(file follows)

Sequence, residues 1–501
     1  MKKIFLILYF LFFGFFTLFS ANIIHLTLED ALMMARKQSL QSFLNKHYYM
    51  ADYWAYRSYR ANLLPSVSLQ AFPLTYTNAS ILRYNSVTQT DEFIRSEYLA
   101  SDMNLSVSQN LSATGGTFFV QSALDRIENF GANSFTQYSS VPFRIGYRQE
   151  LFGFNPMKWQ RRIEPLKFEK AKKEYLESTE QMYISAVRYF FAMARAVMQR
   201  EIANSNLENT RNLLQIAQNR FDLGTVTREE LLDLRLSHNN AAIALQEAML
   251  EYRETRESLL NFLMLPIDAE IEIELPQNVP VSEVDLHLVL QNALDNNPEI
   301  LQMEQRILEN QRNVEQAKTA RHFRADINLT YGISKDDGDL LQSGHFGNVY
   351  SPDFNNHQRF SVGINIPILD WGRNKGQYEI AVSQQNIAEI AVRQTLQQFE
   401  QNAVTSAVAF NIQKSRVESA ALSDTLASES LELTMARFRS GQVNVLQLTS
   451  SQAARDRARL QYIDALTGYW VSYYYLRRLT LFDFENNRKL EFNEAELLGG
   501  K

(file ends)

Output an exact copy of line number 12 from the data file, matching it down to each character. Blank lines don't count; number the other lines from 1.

   501  K